DALLAS – More than five years after the FBI went public with its investigation of John Wiley Price, the controversial and flamboyant Dallas County commissioner and North Texas political icon will finally get his day in court.
Jury selection begins Tuesday in the his long-anticipated public corruption trial.
For all the latest trial news, check our special section here.
Prosecutors say Price took more than $900,000 in cash, cars and land as bribe payments in exchange for helping technology companies get lucrative Dallas County contracts from 2001 to 2011. He was allegedly aided by his longtime county assistant, Dapheny Fain, and the once-powerful political consultant Kathy Nealy.
Nealy will be tried separately after her lawyers raised questions about whether she is immune from prosecution because of her extensive cooperation with prosecutors over the years.
Price, Fain and Nealy all maintain their innocence. All are represented by attorneys who are being reimbursed by taxpayers.
Two others who have pleaded guilty to charges in the investigation are expected to testify for the government.
Christian Campbell pleaded guilty in 2015 to working with Nealy to help companies vying for county contracts get favored status with Price, in exchange for cash payments to the commissioner.
Karen Manning pleaded guilty to tax evasion in 2015. She admitted not paying taxes on money she got from the sale of pieces of Price’s African art collection in her shop at the South Side on Lamar. Prosecutors say Price used campaign money to buy the pieces and sell them in Manning’s shop.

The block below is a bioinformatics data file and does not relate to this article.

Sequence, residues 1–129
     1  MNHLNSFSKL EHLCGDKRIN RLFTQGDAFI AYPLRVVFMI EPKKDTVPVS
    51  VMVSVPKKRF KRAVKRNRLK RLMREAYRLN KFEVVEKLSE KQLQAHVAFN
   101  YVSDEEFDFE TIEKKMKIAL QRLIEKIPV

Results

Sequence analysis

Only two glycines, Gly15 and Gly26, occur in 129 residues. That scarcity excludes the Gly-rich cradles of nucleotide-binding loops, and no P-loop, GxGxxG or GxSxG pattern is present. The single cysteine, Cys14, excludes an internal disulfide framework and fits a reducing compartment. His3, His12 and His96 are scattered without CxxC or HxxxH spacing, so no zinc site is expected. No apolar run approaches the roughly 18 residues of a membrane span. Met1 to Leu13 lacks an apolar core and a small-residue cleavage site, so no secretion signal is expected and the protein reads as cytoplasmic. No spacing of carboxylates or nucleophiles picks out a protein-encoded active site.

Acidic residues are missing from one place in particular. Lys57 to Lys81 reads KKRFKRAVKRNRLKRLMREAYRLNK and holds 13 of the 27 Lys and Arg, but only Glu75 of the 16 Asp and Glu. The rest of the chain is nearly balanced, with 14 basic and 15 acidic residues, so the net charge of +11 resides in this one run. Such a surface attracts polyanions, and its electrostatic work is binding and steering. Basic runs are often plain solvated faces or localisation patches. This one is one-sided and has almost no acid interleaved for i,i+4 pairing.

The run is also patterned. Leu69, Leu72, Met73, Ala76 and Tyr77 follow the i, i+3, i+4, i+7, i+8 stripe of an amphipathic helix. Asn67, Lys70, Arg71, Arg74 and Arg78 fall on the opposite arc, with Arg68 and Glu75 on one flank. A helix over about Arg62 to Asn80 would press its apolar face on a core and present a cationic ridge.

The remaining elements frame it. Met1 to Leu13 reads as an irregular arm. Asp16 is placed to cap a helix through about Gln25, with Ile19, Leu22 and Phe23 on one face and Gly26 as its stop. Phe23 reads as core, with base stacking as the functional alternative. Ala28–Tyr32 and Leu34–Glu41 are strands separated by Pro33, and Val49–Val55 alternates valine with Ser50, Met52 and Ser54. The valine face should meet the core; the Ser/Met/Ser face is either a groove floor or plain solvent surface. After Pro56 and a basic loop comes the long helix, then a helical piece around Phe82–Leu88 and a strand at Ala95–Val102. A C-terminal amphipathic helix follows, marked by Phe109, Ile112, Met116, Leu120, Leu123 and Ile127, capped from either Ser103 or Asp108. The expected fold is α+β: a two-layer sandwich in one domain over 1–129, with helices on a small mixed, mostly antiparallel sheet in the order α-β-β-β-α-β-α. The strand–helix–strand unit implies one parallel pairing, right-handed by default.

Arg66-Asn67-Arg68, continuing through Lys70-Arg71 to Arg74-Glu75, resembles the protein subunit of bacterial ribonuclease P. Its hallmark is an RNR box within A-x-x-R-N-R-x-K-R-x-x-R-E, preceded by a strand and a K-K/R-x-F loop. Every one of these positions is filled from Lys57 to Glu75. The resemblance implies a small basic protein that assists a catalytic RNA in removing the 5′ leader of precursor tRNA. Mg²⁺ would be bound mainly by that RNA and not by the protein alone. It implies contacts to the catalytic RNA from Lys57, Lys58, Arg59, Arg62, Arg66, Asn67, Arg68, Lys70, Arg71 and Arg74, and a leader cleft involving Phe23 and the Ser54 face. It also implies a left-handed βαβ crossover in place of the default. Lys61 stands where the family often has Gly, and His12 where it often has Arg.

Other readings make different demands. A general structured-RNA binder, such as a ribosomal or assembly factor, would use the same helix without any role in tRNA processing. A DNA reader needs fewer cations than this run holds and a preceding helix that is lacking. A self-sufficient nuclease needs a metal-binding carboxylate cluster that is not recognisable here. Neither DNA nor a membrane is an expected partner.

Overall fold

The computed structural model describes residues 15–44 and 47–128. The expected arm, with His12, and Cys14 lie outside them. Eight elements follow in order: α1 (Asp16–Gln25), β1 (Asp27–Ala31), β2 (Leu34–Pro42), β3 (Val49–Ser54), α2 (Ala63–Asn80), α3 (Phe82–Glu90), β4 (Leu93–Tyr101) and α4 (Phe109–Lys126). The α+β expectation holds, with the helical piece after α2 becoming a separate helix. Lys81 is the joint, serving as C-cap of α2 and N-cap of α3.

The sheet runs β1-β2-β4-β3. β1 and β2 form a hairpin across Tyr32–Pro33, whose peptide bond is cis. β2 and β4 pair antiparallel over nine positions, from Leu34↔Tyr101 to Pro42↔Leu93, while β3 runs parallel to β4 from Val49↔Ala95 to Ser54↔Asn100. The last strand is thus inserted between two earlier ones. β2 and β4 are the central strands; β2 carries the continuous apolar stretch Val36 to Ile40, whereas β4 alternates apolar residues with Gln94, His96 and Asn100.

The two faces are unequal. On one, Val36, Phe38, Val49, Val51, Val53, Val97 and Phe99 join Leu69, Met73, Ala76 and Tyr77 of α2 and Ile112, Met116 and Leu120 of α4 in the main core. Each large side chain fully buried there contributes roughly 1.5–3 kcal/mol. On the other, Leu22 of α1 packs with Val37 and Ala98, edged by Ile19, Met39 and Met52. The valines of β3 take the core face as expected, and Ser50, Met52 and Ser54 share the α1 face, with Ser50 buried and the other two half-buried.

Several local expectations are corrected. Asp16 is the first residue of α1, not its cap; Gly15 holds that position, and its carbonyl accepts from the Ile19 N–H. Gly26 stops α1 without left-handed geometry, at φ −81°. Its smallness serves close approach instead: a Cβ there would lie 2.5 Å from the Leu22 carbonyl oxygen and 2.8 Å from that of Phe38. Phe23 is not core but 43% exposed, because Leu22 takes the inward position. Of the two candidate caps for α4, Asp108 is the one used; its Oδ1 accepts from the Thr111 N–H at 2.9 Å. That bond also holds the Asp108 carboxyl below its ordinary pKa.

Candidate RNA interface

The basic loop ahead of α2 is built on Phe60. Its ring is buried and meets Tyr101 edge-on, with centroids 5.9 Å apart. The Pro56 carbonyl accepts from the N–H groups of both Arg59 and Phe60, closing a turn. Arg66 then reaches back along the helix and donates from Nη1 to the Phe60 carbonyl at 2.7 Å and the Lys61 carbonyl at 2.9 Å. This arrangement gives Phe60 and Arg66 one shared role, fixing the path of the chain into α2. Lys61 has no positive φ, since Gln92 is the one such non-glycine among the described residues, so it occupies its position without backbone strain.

Prosecutors have amassed a mountain of evidence, which they hope to use to build a timeline showing money flowing from companies, followed by favorable votes from Price.
If convicted of all charges, Price faces up to 33 years in federal prison. Fain faces up to 10 years.
Jury selection is expected to take most of the first week. The jury pool for the Price case is the Dallas division of the Northern District of Texas, which includes seven local counties: Dallas, Rockwall, Hunt, Kaufman, Navarro, Ellis and Johnson.
Chief U.S. District Judge Barbara Lynn, who is presiding over the Price case, hopes to have the trial finished by June.
Jurors could hear more than 100 witnesses in the coming months. Prosecutors have logged about 2,000 exhibits in preparation for the trial.
"It's a very strong case,” said Victor Vital, a criminal defense attorney who represented a client in the last huge public corruption case involving former Dallas council member Don Hill. Vital does not represent anyone involved in the Price case.
“If you are intent, being the government, on taking down corruption, you want to go for the powerful to send the message to those who are less powerful, that when you achieve power, you are not supposed to do this.”